When you radiate happiness, you touch many lives, known and unknown. And there is a ripple effect on yourself. Research shows that happiness adds years to your life. You feel more joy every day and in what you do, you have better career success, deeper and more fulfilling relationships and much more.
Slowing down the hedonic treadmill
People are now also realising that happiness is more of an internal feeling rather than a result of owning more stuff. We’ve all experienced the relative short-lived joy after some retail therapy. This quick feeling then falls back to our set-point. Research shows that we all have our individual happiness set-point that we return to once that fleeting feeling of increased joy fades. This reversal back to a set-point level has been named the Hedonic Adaptation, or Hedonic Treadmill. It basically means that we have to continually seek out new stuff, often by buying more things, in order to lift our happiness levels.
Hedonic Adaptation is what makes humans so adaptable to difficult situations, which is very useful to us. But it also means that positive events quickly become the new ‘normal’. Some say that the pursuit of happiness is like being on a treadmill, that you constantly have to feed yourself with positive emotions to stay happy.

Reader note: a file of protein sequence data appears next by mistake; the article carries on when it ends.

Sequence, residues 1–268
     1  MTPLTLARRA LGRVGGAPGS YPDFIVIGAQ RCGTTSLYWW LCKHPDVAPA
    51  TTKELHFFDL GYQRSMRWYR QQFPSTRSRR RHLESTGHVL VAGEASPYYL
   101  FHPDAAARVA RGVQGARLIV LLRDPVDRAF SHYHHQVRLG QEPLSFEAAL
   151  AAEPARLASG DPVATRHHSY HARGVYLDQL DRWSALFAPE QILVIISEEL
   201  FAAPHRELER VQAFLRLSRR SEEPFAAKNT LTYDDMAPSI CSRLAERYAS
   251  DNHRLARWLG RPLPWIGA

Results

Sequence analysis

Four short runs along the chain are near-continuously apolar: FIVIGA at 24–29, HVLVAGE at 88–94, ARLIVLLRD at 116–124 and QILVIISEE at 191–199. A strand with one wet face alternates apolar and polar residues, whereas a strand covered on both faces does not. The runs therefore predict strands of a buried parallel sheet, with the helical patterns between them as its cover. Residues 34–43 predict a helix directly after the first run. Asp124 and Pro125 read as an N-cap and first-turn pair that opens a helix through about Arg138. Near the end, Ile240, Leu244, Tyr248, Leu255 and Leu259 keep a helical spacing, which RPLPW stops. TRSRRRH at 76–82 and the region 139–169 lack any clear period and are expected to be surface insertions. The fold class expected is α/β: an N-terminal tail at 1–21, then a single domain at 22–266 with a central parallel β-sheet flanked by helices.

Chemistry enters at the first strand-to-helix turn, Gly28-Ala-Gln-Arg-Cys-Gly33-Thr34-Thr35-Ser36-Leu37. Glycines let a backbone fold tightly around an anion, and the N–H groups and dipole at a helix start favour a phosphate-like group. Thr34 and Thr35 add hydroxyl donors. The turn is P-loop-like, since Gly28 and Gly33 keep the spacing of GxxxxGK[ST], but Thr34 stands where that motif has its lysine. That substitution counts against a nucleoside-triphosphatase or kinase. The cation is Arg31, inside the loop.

Research by Positive Psychologist, Sonja Lyubomirsky, shows that everyone’s happiness set-point is about 50% genetic and 10% circumstantial. Most importantly though, 40% of this set-point is influenced by our thoughts, actions and attitudes. The default happiness set-point is also shown as being above neutral, so leaning towards being positive. This is a great starting point for us!
When talking about happiness, people often interchange the words happiness and contentment. When I ask what happiness is, a high percentage of people say contentment as well as peace, balance, and joy.
Contentment is defined as a long-lasting emotional state of feeling satisfied with your life. It means you are grateful for and appreciative of all that you have in the present moment.
Happiness is described more as a feeling that is perceived to be more fleeting. Many people still place emphasis on external circumstances and material goods in order to feel happy and that is why we feel that short-term happiness. However, people are now realising that happiness is more of an internal feeling rather than a result of owning more stuff. We have all experienced relative short-lived happiness after some retail therapy. This means that we have to continually seek out new stuff, often by buying more things, in order to lift our happiness levels. This is known as the hedonic treadmill. Working on our inner happiness is what brings long-lasting happiness.